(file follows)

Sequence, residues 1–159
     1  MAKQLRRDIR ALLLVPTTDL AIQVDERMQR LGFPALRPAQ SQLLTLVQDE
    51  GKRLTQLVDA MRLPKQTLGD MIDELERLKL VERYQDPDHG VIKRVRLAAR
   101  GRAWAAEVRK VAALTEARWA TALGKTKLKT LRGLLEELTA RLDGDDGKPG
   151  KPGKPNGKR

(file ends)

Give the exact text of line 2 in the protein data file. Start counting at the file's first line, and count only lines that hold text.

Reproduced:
     1  MAKQLRRDIR ALLLVPTTDL AIQVDERMQR LGFPALRPAQ SQLLTLVQDE